George Saunders wins Man Booker Prize
Acclaimed short story writer lands £50,000 award for debut novel ‘Lincoln in the Bardo’
George Saunders with his Man Booker Prize winning novel Lincoln in the Bardo. Photograph: AP Photo/Kirsty Wigglesworth
George Saunders, one of the world’s most acclaimed short story writers, has won this year’s Man Booker Prize for his debut novel, Lincoln in the Bardo. He becomes the second US author after Paul Beatty last year to win the £50,000 prize after they became eligible in 2014.
The bookies’ favourite, Saunders was chosen ahead of fellow American heavyweight Paul Auster (4321), debutants Fiona Mozley (Elmet) and Emily Fridlund (History of Wolves), Mohsin Hamid (Exit West) and Ali Smith (Autumn).
Lola Young, chair of judges, said: “The form and style of this utterly original novel, reveals a witty, intelligent and deeply moving narrative. This tale of the haunting and haunted souls in the afterlife of Abraham Lincoln’s young son paradoxically creates a vivid and lively evocation of the characters that populate this other world. Lincoln in the Bardo is both rooted in, and plays with history, and explores the meaning and experience of empathy.”
The novel, which has distinct echoes of Máirtín Ó Cadhain’s Irish-language classic Cré na Cille, tells the story of the death from typhoid of Abraham Lincoln’s 11-year-old son Willie and the grief-stricken US president’s visits to his crypt in a Georgetown cemetery. Willie is surrounded by other dead spirits who talk directly to the reader, and the book is written entirely in dialogue intercut with extracts from historical accounts (many real but some invented).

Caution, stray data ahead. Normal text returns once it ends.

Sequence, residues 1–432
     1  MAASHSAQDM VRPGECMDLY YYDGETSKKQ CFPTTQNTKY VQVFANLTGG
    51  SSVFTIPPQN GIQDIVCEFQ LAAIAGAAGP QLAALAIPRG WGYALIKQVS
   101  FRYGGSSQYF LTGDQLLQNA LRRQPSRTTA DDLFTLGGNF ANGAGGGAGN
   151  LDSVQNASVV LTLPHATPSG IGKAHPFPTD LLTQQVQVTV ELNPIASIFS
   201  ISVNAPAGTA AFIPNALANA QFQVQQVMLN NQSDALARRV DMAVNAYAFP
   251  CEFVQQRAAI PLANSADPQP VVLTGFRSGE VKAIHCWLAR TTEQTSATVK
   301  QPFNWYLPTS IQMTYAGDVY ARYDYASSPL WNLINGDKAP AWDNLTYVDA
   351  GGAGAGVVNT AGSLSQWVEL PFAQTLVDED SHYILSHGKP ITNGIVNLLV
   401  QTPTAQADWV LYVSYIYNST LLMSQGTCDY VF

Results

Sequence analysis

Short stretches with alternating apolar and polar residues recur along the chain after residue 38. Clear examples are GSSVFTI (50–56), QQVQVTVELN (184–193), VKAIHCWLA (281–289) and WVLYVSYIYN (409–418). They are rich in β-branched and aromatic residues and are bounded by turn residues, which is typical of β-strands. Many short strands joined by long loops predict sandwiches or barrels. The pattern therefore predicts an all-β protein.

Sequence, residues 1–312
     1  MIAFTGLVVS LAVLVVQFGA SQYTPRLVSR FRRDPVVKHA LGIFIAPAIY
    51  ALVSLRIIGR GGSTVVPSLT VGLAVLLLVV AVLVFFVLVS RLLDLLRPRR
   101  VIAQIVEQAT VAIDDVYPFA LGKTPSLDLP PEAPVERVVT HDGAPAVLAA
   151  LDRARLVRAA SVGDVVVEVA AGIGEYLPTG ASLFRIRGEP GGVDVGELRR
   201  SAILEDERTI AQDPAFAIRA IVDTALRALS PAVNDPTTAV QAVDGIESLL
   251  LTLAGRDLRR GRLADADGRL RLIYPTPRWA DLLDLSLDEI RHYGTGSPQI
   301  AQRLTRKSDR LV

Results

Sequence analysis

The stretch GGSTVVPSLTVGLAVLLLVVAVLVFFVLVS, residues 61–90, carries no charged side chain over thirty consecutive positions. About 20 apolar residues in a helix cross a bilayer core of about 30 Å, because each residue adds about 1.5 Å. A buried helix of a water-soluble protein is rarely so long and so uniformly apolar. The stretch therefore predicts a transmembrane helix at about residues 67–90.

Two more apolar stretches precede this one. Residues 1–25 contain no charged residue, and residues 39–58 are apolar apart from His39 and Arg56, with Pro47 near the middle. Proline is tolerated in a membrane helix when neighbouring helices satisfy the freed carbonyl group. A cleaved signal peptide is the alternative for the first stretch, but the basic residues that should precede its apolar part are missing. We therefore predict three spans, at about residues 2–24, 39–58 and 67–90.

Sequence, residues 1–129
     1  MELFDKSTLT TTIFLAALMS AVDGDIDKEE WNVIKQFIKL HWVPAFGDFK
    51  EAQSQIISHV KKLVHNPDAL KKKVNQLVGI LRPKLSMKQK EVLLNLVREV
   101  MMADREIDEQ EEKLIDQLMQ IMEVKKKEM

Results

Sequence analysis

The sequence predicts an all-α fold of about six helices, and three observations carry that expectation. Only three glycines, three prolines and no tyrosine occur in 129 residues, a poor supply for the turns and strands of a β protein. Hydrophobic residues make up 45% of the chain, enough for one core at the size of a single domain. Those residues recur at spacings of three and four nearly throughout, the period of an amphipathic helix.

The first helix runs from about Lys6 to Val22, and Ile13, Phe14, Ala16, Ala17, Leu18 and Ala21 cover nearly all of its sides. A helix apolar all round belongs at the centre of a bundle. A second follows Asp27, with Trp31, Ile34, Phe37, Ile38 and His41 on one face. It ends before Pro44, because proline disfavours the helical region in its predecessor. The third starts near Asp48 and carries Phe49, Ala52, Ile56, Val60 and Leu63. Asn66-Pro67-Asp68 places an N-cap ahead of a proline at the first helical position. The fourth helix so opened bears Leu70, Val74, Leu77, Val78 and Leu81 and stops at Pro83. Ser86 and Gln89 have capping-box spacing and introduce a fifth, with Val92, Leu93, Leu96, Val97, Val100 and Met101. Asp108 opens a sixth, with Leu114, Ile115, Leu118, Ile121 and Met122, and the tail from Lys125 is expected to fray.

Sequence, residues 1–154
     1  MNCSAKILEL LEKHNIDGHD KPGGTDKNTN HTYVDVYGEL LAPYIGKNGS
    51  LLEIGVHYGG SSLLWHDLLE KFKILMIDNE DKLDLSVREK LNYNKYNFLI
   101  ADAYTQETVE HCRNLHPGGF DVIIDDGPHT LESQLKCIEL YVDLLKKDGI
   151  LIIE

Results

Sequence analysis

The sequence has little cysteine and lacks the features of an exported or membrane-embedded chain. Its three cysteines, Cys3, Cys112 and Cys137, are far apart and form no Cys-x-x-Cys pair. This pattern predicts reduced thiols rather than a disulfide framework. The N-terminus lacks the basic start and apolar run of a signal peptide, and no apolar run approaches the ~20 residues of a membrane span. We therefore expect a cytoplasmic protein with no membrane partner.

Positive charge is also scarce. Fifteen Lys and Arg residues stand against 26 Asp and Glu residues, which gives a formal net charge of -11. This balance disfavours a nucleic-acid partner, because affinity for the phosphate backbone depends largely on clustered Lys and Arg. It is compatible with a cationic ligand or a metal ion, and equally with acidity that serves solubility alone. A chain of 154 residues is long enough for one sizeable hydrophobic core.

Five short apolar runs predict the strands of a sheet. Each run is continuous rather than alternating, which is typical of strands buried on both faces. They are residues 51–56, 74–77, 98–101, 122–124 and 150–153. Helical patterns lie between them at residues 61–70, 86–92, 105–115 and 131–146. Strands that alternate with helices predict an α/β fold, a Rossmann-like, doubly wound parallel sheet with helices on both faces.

In Tibetan Buddhism bardo is a transitional state, between death and rebirth. Willie is the Lincoln in the bardo, but Abraham Lincoln is in a transitional state too, grieving for his son and leading his country during an unpopular civil war.
John Self, reviewing Lincoln in the Bardo for The Irish Times, had mixed feelings: “His blend of satire, sentiment and linguistic sensibility has made him one of the most acclaimed short-fiction writers in English... Yet his strong style means a little of his work goes a long way... Lincoln in the Bardo’s looseness means it is easy to read, but it feels attenuated, at 350 pages less weighty than the best of his stories. Leave it to George Saunders always to surprise us, showing us here that a book can be at the same time a delight and something of a disappointment.”
Saunders was born in Texas in 1958, but grew up in Chicago. His first collection, CivilWarLand in Bad Decline, was published in 1996. He is the author of nine books, including Tenth of December, which was a finalist for the National Book Award and won the inaugural Folio Prize (for the best work of fiction in English). He teaches creative writing at Syracuse University in New York.
Two Irish authors were longlisted for this year’s prize, Mike McCormack for Solar Bones and Sebastian Barry for Days Without End.